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February 2018

I want to be honest, but can I?

I watched a facebook video the other day that had gone viral.  A brave young mother tearfully shared her feelings about her life caring for her child with autism.  She said, “Some days it is not ok.”  My heart swelled with pride and compassion for her, then clamped down with fear.  I couldn’t read the comments

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Initially I thought my day was ordinary.

Yesterday, at the end of the day I thought, “Today was an ordinary day during tax season.”  I met with clients, I worked on files in between appointments, made phone calls, talked to Arden and Nick, I was tired, ate meals, etc.  Typical day, nothing special. Then, almost immediately, little vignettes of the day flooded

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Today, do what is possible.

Yesterday, after six weeks of working on riding our stationary bike, I rode 26 minutes.  At the beginning of January, I was able to ride about 5 minutes.  I had worked up to 15 minutes every day after a few weeks, but then I fell off the wagon and didn’t ride for a week.  So

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We never know what today will bring.

Every day when we wake up, it is a clean slate. Oh we have made plans and scheduled events, but as my mom always told me, “man proposes, God disposes!” Nick woke us up last night at about 2 am coughing and sneezing. We did get back to sleep after a little while, but this

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Cherish the life we live.

Today in the car we were singing along to an ’80’s station on the radio.  Then Kool & the Gang’s hit song “Cherish,” came on.  Nick loves this song.  It was very moving to hear him singing along with the chorus, “Cherish the love we have We should cherish the life we live Cherish the

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Resolutions and Rededications for One Day.

What happened!  I was so motivated, again.  I had all the best intentions, I bought all the right stuff.  Clothes, equipment, I even got a cute water bottle.  Glass of course.  I started out dedicated and gung-ho.  This time it was going to be different.  Again. I did great for two weeks.  I rode my

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Save the best for last.

Nick was about seven when he finally gained the skills to feed himself.  It was a long road, but he finally got there.  He spent many years, three meals a day, eating food that was pureed in a blender.  It was the only consistency he could manage to swallow without choking.  Then he graduated to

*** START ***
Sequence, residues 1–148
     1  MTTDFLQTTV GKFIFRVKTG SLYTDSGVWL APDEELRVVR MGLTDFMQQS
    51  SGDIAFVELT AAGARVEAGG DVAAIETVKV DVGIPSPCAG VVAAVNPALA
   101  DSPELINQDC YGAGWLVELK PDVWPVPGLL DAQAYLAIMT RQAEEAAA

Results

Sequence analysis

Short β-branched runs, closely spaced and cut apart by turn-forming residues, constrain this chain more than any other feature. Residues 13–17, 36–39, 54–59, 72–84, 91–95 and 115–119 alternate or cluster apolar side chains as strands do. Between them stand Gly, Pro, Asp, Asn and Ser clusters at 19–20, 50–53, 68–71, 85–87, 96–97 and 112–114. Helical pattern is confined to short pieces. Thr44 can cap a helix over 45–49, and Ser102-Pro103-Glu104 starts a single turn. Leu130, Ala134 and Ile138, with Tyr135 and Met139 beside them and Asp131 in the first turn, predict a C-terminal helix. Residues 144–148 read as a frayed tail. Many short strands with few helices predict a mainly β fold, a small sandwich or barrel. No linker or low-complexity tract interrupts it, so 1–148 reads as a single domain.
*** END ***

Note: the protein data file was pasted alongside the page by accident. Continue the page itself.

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Achievement Is Impressive, Hard Work Is Inspiring.

Today we watched the NFL Super Bowl game.  I always find the ads interesting.  Some are funny and some are strange.  But the ones that I remember best are the ones that show the athletes competing in the upcoming Winter Olympics in South Korea.  All of the athletes that I saw on TV today, both

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To be or not to be? Your choice!

It seems that there are daily opportunities for me to become offended.  Bad drivers in traffic stress me out, people in grocery store lines say rude things, phone solicitation sales personnel try and scam me , the list goes on and on.  In each of these situations I can easily rationalize or justify my strong

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Sometimes I am sad.

There are days when my emotions bubble closer to the surface than other days.  Stories that I hear are more poignant.  Even if they are reports told on the TV by dispassionate newscasters.  These stories prick my heart.  This seems especially true when I am already feeling some grief. Just over a month ago, Arden’s

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Announcing that I have finished a book with the working title of “The Fairy Fort.” I am currently pitching it to publishers. Keep checking back to watch the progress of my newest novel.

Here is a quick glimpse of the story.

Sarah Doherty is an 18-year-old living in rural Ireland at the tail end of the Great War. Plagued by severe epilepsy, she is protected by her parents and lives a sheltered, secluded, lonely life. The Fae, local Irish fairies, interfere with her life. She falls forward a century in time through the local fairy fort of standing stones. She had a seizure in 1918 and woke up in 2020. The 21st century world includes life-saving prescriptions, physical comforts and the independence and freedom she seeks. The locals are welcoming and Andy Mclaughlin, a handsome young historian, is intriguing. She doesn’t want to return home.

Then a letter arrives from Boston divulging the story of Sarah and Andy’s lives that are deeply entwined in the previous century. They are not yet in love but as they seek to verify the letter through online resources, they feel a growing obligation to their unborn family and to each other. What would happen to their posterity living in Boston if they don’t return to 1918? Even if they do make it back, her parents can never know what happened to her or that would change everything.

This Young Adult time-travel romance explores the question: Do we have the freedom to make choices or is free will an elaborate illusion?

This is my third book. I love reading time travel romances. I am an advocate for epilepsy awareness because my 43-year-old son has intractable epilepsy. As a genealogist specializing in Irish research, I live part of the year in the village where the story is based. I wrote the book to help young adults understand that difficult situations can change your life. Sometimes miraculously.